Outdoor Survival Review

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Outdoor Survival CoverOutdoor Survival: A Eurogame before there were Eurogames

Review by Len Krol

This game has always been an enigma. It is the bestselling game for The Avalon Hill Game Corporation (TAHGC), but it is also considered one of the worst products they had ever put out.

The origin of this game was after Avalon Hill entered an agreement with Stackpole books to deliver their product. Stackpole books put out books on military history and the outdoors. Avalon Hill certainly had the games for military history, so why not something for the outdoors? Stackpole would pay half the costs to publish this product.

Jim Dunnigan got this assignment. His version was considered too complex. Others at AH would rework it, to simplify it. Let’s look at the finished product.

The cover is one of the best that TAHGC had ever put out. The cover is aesthetically pleasing and it perfectly illustrates what to expect in this game. The game comes with a 22”x 24” mounted map. They claim that it is “typical wilderness terrain.” Actually it looks like the place you would stage your Hunger Games. Most forests will not have a desert near a swamp. The map does not look like a topographical map that most hikers will use. It looks like the view you would get from an aircraft. Hence the mountains are not represented by elevation lines but are brown with some white peaks. The forests are green, the desert is yellow, and swamps have floating green plants. There is a river with fords and isolated lakes. There are silhouettes of deer’s printed on a number of hexes. These represent food sources. There are also a number of bases that look like cabins. These are sometimes used as starting points or destinations. An optional rule allows the cabin to be used as a water and food source. Woods and deserts cost two movement points, Mountains costs three, and swamps cost 4. It costs three movement points to cross and follow rivers, but one if you use a ford. Trails are present in woods, mountain and swamps. They cost one movement point to move on.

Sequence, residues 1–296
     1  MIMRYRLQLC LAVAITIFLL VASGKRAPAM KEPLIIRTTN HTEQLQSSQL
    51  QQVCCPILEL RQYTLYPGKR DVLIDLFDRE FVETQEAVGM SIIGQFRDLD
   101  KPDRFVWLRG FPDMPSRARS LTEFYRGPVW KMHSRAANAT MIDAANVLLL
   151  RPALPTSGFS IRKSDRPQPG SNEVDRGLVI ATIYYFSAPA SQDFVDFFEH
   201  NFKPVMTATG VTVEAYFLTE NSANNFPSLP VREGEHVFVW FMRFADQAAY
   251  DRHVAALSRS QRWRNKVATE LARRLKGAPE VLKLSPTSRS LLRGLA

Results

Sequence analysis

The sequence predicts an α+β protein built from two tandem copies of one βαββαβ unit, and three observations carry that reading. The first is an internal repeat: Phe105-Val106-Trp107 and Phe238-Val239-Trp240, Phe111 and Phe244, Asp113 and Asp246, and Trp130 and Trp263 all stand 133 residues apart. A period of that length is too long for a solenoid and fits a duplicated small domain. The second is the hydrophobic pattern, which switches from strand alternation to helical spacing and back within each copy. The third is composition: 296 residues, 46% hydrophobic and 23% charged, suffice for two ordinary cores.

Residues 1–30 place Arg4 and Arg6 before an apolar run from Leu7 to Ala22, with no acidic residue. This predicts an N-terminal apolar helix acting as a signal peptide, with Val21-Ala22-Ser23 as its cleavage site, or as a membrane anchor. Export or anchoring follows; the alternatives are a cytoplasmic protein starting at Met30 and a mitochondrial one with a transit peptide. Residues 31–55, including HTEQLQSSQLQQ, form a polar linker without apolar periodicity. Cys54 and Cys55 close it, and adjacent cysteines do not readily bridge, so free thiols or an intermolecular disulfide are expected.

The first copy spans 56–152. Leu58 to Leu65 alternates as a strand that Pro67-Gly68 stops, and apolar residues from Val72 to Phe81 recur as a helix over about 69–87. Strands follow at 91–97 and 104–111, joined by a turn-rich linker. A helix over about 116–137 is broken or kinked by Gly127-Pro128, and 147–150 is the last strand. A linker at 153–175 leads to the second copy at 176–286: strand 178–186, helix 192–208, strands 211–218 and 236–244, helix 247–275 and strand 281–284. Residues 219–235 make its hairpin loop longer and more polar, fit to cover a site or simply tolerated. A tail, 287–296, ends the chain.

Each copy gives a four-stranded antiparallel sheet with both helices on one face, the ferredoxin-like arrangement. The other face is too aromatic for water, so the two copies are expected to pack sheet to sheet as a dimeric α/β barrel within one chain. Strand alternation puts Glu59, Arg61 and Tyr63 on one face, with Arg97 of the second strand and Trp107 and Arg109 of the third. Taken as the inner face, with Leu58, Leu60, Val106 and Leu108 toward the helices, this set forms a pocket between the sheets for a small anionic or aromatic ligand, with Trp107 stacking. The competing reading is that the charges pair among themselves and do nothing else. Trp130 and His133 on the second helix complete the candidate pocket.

Outdoor Survival has 96 counters. There are counters for four players, and all of the scenarios can be played solo. Fifteen counters represent the player’s life levels. These counters are placed on a life level index chart. Other counters represent your water, food, or life level index. There is also a counter for a missing party and five blank counters.

I am unsure of the scale. I think each turn is a day and each hex is five miles.

There is a double sided single page, which gives you the basic rules to quick start the game. The complete rules cover about eight small pages. This includes samples of play and additional rules. Also included is a 24 page primer about how to survive in the woods. It has a lot of useful information on how to survive in real life, but useless in playing this game. Each scenario has special rules. There are five scenarios: Lost, Survival, Search, Rescue, and Pursue.
A player is represented on the map with one counter. You are identified by color and a letter. If you are letter A, you have a silhouette of a confident man and six movement points. When you get to letter K, you need a cane to walk and have one movement point. Levels L through O you have zero movement points.

Each turn, a player rolls for directional ability. This is different in each scenario. This restricts your movement. Sometimes you are forced to use all your movement points to travel in the wrong direction. Then you move up to the limit of your movement. Then you check your Life Level index. If you did not replenish your food or water needs, you may lose life levels. How you do this depends on the scenario. If you do not find water the water index counter moves to the right. If you do not find food, the food index counter moves to the right. If you cross a gap to the next set of boxes, it will tell you how many life levels you lose. These counters can move to the left if you stay in hexes that have these resources and you may gain life levels.